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NEISSERIA

Diseases

The genus Neisseria contains two important human pathogens: Neisseria meningitidis and Neisseria gonorrhoeae. Neisseria meningitidis mainly causes meningitis and meningococcemia (Figure 16–1). In the United States, it is the leading cause of death from infection in children. Neisseria gonorrhoeae causes gonorrhea (Figure 16–2), the second most common notifiable bacterial disease in the United States (Tables 16–1 and 16–2). It also causes neonatal conjunctivitis (ophthalmia neonatorum) (Figure 16–3) and pelvic inflammatory disease (PID). Note that N. meningitidis is also known as the meningococcus (plural, meningococci), and N. gonorrhoeae is also known as the gonococcus (plural, gonococci).

Additional information regarding the clinical aspects of infections caused by the organisms in this chapter is provided in Part IX entitled Infectious Diseases beginning on page 593.

FIGURE 16–1

Meningococcemia. Note purpuric lesions on leg caused by endotoxin-mediated disseminated intravascular coagulation (DIC). (Reproduced with permission from Wolff K, Johnson R (eds): Fitzpatrick’s Color Atlas & Synopsis of Clinical Dermatology. 6th ed. New York: McGraw-Hill, 2009. Copyright © 2009 by The McGraw-Hill Companies, Inc.)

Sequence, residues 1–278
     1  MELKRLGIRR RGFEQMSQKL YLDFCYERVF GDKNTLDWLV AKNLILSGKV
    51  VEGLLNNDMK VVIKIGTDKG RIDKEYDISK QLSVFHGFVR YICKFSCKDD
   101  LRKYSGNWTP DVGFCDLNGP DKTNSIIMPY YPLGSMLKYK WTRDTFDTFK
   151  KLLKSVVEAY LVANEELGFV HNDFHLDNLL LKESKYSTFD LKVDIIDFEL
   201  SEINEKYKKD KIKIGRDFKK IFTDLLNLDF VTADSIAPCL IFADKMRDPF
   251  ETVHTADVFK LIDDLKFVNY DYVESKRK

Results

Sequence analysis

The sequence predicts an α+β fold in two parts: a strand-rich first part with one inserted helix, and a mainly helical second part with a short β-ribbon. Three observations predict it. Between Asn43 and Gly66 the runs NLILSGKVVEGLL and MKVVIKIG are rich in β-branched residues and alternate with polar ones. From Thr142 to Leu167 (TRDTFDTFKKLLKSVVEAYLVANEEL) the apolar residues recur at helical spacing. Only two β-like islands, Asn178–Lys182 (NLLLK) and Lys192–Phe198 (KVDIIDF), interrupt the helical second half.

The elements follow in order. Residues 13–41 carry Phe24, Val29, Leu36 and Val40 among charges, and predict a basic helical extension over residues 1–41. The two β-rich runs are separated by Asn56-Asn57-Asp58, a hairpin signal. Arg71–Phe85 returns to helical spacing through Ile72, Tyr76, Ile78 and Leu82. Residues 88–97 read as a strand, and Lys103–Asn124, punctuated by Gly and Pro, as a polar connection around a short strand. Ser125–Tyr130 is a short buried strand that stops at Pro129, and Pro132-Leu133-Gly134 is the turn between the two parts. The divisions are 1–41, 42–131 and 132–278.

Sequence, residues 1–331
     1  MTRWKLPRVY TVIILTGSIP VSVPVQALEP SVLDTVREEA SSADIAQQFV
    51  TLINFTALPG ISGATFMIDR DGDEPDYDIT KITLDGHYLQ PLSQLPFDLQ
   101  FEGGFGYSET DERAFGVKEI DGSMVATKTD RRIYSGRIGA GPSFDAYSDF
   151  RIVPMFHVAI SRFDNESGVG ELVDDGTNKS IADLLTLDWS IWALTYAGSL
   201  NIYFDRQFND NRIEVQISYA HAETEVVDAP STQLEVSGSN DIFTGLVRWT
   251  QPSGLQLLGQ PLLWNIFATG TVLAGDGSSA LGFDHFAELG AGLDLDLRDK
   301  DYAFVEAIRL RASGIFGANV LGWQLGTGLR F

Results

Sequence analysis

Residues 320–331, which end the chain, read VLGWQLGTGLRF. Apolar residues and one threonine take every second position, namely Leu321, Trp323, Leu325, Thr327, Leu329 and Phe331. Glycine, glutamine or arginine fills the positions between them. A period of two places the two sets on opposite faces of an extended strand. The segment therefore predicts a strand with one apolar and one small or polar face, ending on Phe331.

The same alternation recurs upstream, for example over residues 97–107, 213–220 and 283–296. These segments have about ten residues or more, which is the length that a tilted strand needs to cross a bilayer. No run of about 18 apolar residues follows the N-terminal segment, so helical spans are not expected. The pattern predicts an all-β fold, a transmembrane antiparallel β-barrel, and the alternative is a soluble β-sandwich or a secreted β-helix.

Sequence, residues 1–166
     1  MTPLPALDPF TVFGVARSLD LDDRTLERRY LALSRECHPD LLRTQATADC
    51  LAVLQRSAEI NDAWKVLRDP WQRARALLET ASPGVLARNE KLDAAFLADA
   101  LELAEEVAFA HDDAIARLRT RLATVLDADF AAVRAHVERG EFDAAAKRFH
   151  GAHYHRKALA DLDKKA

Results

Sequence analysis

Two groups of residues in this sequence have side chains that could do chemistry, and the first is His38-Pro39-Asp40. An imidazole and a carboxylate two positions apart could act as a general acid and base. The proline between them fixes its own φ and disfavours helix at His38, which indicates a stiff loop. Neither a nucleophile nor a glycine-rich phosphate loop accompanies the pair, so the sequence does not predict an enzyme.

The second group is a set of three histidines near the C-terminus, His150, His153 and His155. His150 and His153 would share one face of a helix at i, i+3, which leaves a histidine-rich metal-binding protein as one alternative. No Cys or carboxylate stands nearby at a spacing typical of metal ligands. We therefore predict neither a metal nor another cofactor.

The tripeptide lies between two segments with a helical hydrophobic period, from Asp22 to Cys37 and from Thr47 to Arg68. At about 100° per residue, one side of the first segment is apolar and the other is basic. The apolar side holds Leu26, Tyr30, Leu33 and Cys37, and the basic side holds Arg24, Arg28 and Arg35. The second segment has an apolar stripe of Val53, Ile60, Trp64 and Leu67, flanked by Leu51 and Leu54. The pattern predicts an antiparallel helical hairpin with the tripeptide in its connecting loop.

FIGURE 16–2

Gonorrhea. Note purulent urethral discharge caused by Neisseria gonorrhoeae. (Reproduced with permission from Wolff K, Johnson R (eds): Fitzpatrick’s Color Atlas & Synopsis of Clinical Dermatology. 6th ed. New York: McGraw-Hill, 2009. Copyright © 2009 by The McGraw-Hill Companies, Inc.)

FIGURE 16–3

Neonatal conjunctivitis (ophthalmia neonatorum) caused by Neisseria gonorrhoeae. Note purulent exudate, especially on lower right eyelid. The other common cause of neonatal conjunctivitis is Chlamydia trachomatis.

TABLE 16–1Neisseriae of Medical Importance1
TABLE 16–2Important Clinical Features of Neisseriae

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